Midterm season is upon us. As students are forced to run on two hours of sleep a night, proofreading papers and reviewing lecture notes, it's not news that many of us turn to caffeine for that extra boost. And we've gotten really creative when it comes to our favorite recreational drug, pounding back coffees, slurping energy drinks, and even popping the occasional caffeine pill. But even if 5-hour ENERGY does get our hearts racing, few students venture to assume that our caffeine intake could seriously harm us.

As it turns out, the FDA is reportedly investigating five deaths linked to Monster energy drinks.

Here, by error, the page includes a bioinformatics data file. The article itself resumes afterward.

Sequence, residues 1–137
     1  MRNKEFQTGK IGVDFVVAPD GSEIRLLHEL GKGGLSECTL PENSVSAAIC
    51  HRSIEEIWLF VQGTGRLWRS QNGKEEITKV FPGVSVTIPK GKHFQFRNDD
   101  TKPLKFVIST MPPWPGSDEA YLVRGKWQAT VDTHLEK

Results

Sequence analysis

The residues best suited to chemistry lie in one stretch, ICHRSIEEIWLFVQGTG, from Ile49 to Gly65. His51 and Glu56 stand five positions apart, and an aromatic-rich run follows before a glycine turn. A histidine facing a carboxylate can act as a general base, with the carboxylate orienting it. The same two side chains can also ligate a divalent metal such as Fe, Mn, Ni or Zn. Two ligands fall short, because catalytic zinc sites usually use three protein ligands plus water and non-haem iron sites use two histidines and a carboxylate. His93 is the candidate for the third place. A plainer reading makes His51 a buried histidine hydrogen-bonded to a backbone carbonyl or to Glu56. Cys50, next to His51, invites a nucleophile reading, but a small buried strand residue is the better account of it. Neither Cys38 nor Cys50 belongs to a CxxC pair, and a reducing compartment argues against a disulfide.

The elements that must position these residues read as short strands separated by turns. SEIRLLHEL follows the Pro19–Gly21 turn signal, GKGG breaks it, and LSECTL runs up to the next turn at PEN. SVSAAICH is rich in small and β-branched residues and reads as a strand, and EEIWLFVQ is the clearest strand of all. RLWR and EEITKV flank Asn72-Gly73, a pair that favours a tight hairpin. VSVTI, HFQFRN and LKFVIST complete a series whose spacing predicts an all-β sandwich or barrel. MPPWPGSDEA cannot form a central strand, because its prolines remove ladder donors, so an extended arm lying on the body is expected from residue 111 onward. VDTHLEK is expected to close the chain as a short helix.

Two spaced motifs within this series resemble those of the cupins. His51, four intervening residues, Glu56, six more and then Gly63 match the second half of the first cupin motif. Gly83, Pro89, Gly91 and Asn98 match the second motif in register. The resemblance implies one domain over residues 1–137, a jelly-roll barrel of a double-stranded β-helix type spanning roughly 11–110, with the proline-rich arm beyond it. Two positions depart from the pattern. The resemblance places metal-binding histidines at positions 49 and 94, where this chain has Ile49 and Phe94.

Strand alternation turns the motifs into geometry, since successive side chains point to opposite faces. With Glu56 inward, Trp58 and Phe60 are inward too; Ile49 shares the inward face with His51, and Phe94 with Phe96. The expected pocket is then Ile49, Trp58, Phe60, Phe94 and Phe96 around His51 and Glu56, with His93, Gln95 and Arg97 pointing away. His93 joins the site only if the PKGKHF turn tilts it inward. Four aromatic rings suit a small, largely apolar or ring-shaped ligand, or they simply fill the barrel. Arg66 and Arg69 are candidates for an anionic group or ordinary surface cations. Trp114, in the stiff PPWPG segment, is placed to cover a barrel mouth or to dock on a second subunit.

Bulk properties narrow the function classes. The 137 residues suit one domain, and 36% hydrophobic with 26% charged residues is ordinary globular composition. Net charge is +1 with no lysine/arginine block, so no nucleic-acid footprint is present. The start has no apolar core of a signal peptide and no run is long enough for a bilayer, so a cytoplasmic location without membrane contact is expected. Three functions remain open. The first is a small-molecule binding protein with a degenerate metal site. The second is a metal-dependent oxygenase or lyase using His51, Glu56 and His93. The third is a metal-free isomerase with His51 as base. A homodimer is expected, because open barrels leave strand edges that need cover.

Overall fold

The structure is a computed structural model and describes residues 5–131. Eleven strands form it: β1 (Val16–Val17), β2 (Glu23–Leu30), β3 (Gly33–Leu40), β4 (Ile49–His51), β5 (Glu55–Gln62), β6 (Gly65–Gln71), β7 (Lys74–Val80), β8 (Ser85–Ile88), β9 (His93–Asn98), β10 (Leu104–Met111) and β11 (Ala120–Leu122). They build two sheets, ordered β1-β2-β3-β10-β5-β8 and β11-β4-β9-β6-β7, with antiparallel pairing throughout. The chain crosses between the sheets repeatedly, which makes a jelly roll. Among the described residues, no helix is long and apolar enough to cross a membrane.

A notable case is that of a 14-year-old girl who died after drinking two 24oz. Monsters in 24 hours (although it was noted that she also had a disorder that weakens blood vessels). While it has not been proven that the energy drinks were the primary cause of the reported deaths, it is worth noting that although there is a cap on the amount of caffeine allowed in sodas, there is no FDA caffeine limit for energy drinks. And because there are no warning labels and no specified number of calories on Monster's supplement label, it's possible that by regularly consuming such products, we might be harming ourselves a little more than we thought. So think twice before you crack open your next can of Monster, and maybe head to the nearest Starbucks instead, at least until the FDA issues a final report.